Reverse mortgages—they are the last thing that your clients would ever want, and they are the first thing they need as a last resort. Such are the opposing, yet surprisingly complimentary, views of what is still for many a highly controversial topic.
For the past several years reverse mortgages have been a largely taboo topic for many retirement planners. They are seen as an ultimately penalty for individuals who failed to properly plan for retirement in the first place, and must now ‘take the easy way out’. Not to mention, many of these individuals aren’t clients of financial planners anyway — or at least they weren’t in the past.
But that is about to change for many, as new regulations go into effect in 2015 that will require individuals that opt for a reverse mortgage to have financial planner counseling. Get ready to have a lot more conversations with clients about this alternative revenue option.
Maintaining a Desired Lifestyle
Despite their largely negative public image, many mortgage loan originators say reverse mortgages can represent a legitimate retirement ‘tool’ that enables an individual or couple to stay in their home and maintain a desired lifestyle.
“There are a wide range of reasons why individuals would go after a reverse mortgage,” said Mario Quintero, mortgage loan originator with Strock & Tanner Mortgage Corporation, which serves Florida and New Jersey.
“The first is the family that is in distress,” said Quintero. “We saved 25 families from foreclosure by using a reverse mortgage. So that is one client.”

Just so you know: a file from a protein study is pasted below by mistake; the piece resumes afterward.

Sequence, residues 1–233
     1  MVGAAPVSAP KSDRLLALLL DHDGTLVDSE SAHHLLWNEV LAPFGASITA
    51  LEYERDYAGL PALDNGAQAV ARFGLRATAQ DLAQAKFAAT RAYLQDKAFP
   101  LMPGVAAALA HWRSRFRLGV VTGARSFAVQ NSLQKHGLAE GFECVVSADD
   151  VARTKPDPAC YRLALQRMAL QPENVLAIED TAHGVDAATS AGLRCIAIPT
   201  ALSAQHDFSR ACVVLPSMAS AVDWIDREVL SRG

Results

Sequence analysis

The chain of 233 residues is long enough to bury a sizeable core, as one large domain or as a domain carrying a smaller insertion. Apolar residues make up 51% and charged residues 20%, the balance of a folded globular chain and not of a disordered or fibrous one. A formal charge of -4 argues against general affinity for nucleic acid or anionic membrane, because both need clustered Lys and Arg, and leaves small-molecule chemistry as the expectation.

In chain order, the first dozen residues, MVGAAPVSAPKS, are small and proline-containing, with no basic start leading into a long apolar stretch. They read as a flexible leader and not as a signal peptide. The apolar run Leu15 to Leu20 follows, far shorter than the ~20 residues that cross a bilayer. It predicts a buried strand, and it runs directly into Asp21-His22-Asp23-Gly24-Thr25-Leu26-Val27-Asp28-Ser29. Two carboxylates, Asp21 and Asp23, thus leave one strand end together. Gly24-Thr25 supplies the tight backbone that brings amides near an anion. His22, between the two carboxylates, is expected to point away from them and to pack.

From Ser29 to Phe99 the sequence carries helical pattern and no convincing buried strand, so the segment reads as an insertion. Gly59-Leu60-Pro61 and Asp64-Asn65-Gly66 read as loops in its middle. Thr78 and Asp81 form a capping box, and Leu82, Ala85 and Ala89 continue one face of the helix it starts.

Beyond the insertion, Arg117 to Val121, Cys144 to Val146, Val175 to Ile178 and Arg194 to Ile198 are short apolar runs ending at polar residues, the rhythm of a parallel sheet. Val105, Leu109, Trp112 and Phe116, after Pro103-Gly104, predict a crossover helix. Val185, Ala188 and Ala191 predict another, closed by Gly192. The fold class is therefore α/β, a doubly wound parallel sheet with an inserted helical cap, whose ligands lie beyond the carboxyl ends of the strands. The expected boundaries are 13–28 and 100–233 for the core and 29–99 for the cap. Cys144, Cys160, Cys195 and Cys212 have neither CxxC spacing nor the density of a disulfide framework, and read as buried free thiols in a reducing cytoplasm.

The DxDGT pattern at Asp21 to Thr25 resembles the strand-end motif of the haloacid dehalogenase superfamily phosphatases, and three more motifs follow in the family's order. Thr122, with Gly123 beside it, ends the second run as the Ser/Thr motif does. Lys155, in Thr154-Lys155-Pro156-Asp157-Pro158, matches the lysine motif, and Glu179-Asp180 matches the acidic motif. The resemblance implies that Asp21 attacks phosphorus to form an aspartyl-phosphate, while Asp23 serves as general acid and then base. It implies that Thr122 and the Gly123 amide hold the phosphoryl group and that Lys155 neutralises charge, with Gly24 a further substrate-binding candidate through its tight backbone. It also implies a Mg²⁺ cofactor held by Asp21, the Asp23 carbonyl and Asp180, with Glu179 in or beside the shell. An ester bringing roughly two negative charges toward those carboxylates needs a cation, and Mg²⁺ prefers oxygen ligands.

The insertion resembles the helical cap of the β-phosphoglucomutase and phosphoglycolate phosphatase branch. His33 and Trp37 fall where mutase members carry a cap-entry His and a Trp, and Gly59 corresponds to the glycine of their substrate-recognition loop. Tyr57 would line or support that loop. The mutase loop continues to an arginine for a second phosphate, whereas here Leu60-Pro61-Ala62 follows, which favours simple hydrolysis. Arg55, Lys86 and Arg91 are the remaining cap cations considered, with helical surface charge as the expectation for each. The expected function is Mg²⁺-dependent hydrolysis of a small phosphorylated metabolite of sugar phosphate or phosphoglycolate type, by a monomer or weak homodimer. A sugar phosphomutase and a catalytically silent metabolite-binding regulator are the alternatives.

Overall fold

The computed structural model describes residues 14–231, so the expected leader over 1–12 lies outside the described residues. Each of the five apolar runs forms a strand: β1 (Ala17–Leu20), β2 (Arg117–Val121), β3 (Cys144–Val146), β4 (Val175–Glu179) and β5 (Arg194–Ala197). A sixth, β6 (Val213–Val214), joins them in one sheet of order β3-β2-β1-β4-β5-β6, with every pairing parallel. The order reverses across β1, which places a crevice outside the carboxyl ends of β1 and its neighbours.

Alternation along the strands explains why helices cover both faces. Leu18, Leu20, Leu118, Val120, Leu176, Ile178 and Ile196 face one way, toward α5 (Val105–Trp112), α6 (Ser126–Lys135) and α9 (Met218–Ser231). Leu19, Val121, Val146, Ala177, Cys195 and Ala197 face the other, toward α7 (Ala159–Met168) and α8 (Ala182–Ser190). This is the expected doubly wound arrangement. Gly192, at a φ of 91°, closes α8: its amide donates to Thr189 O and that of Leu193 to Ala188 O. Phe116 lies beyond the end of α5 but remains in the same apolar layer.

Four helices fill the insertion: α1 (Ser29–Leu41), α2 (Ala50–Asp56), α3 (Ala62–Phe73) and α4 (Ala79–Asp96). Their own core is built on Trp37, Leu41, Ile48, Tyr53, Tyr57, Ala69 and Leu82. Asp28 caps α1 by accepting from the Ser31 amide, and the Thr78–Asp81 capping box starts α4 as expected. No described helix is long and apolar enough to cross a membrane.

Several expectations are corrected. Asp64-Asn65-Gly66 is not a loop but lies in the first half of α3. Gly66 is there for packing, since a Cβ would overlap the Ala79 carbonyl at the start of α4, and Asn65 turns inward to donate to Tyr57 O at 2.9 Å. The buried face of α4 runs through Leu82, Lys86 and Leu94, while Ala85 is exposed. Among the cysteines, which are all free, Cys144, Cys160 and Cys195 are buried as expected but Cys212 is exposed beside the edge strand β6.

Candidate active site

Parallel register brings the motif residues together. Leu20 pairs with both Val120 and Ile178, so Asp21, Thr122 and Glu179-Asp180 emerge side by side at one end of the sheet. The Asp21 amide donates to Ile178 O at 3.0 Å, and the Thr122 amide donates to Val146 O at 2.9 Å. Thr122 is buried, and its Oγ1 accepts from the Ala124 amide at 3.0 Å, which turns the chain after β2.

Second: “Then you have another client that is not in distress that is doing it from a financial planning perspective. They are basically looking at the product to have disposable liquid cash, without disrupting their portfolio,” Quintero said.
Third: “Then you have another set of clients that are using the product to downsize from a large home to a new home, and using the reverse mortgage to purchase that new home in retirement. They could be just downsizing, or moving from another state to our state.”
How the Reverse Mortgage Works
Whatever a couple’s, or individual’s, circumstances, the reverse mortgage process is pretty simple, Quintero said.
“It is based on the value of the property and the ages of the borrower,” said Quintero, who added that approximately 90 percent of his clients have reverse mortgages. “One in the couple has to be 62, but one can be less than 62. Based on their ages, they receive a limit—which is called the principal limit—against the equity of their home.” That limit is generally about 70 percent of the appraised value of the property.
Homeowners can use these funds as a line of credit. They can use it as a monthly payment for the rest of their lives. They can take a one-time lump sum payment. Or they can do a combination of the three. There is a lot of flexibility, Quintero explains.
Probably the biggest difference with reverse mortgages today is that consumers are much more informed about them and about how they work, Quintero said.
“I would say that about 95 percent of them have already done extensive research on the product,” Quintero said. “There’s about 5 percent that still have to be coached through the process.”
Better Educated Clients
Part of that coaching involves two particular points on reverse mortgages. One is dispelling the myth that a bank will take possession of the property or title, Quintero said. The second concerns changes in the guidelines for reverse mortgages that HUD has imposed over the past year which reduces the amount of funds that a couple or individual can qualify for.
“They’re a little upset at the changes …. Because of the irresponsibility of other borrowers in the past that failed to keep their end of the bargain on paying taxes and insurance, and they feel today that they’re paying for those mistakes,” Quintero said.